I am pleased to introduce a new online presence for my SSHRC-funded research program: Developing a Maker Pedagogy. What do I mean by maker pedagogy? My working definition, which I developed in January 2014 as a part of the winning grant proposal, was: Maker Pedagogy is an approach that utilizes the principles of ethical hacking (i.e., deconstructing existing technology for the purpose of creating knowledge), adapting (i.e., the freedom to use a technology for new purposes), designing (i.e., selecting components and ideas to solve problems), and creating (i.e., archiving contextual knowledge obtained through engaging in the process of making, as well as the actual tangible products) as part of an overall way of working with those interesting in learning about science and technology. (Bullock, 2014) You can check out a longer blog post about the topic on the new site. Be sure to check makerpedagogy.org often, as my research team and I will be sharing information about our research as it progresses as well...
Read More

What is effective teacher professional development?

I am pleased to announce the publication of a new fact sheet by the Canadian Education Association entitled "What is effective teacher professional development?" Teachers routinely engage in a variety of formal (i.e. district-directed) and informal (i.e. self-directed) professional development experiences. My co-author Andrea Sator and I reviewed recent literature on teachers' professional development to come up with five research-informed recommendations for effective teacher professional development. The post can be accessed here. The one-page PDF can be accessed here....
Read More

Astronomy and Human Spaceflight: Three reasons to get excited

I've been interested in astronomy and human spaceflight for as long as I can remember. The end of 2014 is shaping up to be an monumental time in the history of astronomy and spaceflight for at least three reasons: 1. We landed on a comet..and we're continuing to explore that comet Like millions of people all over the world, I was blown away by the fact that Philae successfully landed on Comet 67P/Churyumov-Gerasimenko. Although the landing did not occur exactly as planned, it was still a remarkable feat and we will likely learn a lot from the data that were collected. Landing on a comet is certainly an exciting event, bringing to mind scenes from a number of science fiction books, television shows, and movies, but I think it is also important to remember that the Rosetta mission is far from over. Rosetta will continue to gather important data as the comet moves closer to the Sun, giving us a first hand...
Read More

Snap, Crackle, Pop!: A Short History of Noise

My thanks to everyone who came out on a Saturday afternoon to listen to my lecture on the history of noise. The description of the lecture was: The word “noise” is often synonymous with “nuisance,” which implies something to be avoided as much as possible. We label blaring sirens, the space between stations on the radio dial and the din of a busy street as “noise.” Is noise simply a sound we don’t like?  How have scientists defined noise? Is there ever a time when a noisy system is desirable? We will consider the evolution of how scientists and engineers have thought about noise, beginning in the Victorian Era and continuing to the present day. We will explore the idea of noise as a social construction and a technological necessity. We’ll also touch on critical developments in the study of sound, the history of physics and engineering and the development of communications technology. I used ideas from the history of physics, the history of music, the discipline of sound studies,...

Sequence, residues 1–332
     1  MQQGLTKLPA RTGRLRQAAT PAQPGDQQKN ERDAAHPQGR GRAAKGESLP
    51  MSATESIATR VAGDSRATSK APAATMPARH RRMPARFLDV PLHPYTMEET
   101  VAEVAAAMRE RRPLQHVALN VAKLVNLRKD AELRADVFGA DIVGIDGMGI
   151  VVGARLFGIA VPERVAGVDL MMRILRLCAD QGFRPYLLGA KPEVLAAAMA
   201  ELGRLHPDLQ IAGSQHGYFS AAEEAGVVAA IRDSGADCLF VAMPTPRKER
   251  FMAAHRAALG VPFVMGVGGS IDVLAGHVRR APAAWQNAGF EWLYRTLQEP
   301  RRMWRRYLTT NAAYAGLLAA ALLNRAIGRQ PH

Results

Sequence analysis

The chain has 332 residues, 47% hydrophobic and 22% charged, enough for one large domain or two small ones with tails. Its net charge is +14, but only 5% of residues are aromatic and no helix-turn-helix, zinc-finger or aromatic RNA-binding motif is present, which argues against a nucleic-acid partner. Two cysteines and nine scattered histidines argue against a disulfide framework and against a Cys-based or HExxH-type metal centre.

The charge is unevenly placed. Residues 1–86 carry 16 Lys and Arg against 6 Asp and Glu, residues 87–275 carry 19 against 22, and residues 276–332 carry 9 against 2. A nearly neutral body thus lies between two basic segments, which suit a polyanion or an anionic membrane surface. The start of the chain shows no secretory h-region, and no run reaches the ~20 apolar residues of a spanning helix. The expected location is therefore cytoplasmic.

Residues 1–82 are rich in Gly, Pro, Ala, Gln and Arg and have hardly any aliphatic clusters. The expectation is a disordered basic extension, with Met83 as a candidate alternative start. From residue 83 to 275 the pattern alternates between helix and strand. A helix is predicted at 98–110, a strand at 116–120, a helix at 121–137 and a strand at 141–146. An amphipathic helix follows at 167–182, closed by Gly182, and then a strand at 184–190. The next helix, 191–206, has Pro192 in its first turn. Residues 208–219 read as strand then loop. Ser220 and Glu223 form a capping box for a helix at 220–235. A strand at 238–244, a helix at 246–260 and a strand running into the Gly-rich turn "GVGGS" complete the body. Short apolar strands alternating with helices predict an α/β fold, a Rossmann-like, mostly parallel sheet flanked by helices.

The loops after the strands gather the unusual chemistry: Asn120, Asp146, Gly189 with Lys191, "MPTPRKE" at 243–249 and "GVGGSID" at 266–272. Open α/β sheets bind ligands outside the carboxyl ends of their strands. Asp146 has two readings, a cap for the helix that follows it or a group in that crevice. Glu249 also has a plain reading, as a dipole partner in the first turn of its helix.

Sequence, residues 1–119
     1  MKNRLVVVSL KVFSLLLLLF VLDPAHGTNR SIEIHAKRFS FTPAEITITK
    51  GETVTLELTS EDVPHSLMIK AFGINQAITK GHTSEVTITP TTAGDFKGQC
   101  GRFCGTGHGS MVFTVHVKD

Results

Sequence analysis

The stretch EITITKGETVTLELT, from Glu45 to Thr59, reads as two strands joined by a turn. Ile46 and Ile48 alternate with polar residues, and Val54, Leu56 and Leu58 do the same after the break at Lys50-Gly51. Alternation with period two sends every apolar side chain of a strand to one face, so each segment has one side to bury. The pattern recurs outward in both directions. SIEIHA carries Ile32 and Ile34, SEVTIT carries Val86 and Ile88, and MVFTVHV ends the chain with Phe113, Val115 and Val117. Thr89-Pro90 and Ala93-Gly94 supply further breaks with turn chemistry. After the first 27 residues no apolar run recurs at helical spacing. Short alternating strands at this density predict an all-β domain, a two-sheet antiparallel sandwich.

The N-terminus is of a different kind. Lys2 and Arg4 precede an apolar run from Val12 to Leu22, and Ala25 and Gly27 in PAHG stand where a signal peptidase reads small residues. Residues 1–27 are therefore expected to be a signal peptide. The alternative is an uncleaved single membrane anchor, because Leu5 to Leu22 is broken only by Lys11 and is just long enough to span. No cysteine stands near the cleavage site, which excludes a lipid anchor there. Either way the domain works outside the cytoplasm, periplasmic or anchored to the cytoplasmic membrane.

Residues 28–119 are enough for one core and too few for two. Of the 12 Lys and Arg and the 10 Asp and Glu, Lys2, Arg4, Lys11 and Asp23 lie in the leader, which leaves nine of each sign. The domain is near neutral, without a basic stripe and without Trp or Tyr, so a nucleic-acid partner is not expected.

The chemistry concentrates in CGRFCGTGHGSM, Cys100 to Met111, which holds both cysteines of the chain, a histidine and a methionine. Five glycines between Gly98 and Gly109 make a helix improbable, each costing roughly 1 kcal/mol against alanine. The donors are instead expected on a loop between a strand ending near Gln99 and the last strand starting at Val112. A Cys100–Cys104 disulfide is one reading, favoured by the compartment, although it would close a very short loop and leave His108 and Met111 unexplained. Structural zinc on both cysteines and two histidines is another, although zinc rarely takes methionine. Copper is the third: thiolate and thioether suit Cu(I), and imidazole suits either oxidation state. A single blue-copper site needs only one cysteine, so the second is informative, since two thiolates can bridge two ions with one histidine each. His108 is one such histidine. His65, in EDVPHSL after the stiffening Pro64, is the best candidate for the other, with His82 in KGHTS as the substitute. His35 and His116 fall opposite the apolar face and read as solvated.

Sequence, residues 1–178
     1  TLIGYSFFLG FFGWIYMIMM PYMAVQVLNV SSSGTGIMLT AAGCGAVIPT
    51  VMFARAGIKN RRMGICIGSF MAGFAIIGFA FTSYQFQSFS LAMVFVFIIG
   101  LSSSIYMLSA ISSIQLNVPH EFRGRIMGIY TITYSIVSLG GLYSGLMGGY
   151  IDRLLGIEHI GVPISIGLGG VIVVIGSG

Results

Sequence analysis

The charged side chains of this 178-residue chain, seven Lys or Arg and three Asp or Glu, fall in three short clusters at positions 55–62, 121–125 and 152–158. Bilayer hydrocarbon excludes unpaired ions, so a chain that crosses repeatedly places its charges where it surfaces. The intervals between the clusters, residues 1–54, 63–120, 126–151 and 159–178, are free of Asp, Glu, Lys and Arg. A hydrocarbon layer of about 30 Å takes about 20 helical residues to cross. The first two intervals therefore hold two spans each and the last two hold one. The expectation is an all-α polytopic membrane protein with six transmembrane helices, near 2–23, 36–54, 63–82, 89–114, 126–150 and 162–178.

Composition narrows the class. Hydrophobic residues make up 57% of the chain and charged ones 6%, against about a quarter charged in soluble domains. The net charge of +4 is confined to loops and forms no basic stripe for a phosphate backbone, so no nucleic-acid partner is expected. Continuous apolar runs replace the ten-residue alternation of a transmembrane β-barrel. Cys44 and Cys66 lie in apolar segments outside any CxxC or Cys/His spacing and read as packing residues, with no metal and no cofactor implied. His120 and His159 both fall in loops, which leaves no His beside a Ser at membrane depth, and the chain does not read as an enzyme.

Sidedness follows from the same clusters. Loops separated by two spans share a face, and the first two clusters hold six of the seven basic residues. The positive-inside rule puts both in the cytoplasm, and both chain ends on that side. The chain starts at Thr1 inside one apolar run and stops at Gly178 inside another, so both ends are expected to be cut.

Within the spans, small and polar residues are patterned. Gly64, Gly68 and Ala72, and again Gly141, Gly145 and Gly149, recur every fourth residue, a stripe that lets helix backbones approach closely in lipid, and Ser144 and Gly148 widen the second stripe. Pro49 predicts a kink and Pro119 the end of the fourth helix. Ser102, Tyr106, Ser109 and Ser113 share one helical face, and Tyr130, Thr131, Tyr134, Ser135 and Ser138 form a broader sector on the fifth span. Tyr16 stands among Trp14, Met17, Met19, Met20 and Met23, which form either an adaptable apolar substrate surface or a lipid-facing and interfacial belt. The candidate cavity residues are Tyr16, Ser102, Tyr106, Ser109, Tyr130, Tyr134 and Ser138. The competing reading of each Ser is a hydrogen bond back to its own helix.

Read More

Philosopher’s Café: Science Literacy

Tonight (Monday October 20, 2014)  I am pleased to moderate a "Philosopher's Café" on the topic of Science Literacy. These events are sponsored by SFU Continuing Studies and are free to the public. The catalyst for tonight: There has been (another) recent upsurge of interest in science education. How should we determine what science is taught in schools? How much science education should be compulsory? What does it mean to be a scientifically literate person? Details: 19:00-20:30 The Gathering Place, Living room, 1100–2253 Leigh Square Pl., Port Coquitlam | Map Please note that this is not a lecture or a class. It is an opportunity for  people to come together and discuss a topic of interest. From the Philosopher's Café program website: Philosophers’ Café is a series of informal public discussions in libraries, cafés and restaurants throughout Metro Vancouver. The cafés, which are open to everyone, have brought dialogue and discussion to thousands of people who are interested in exploring issues from the absurd to the sublime. To...
Read More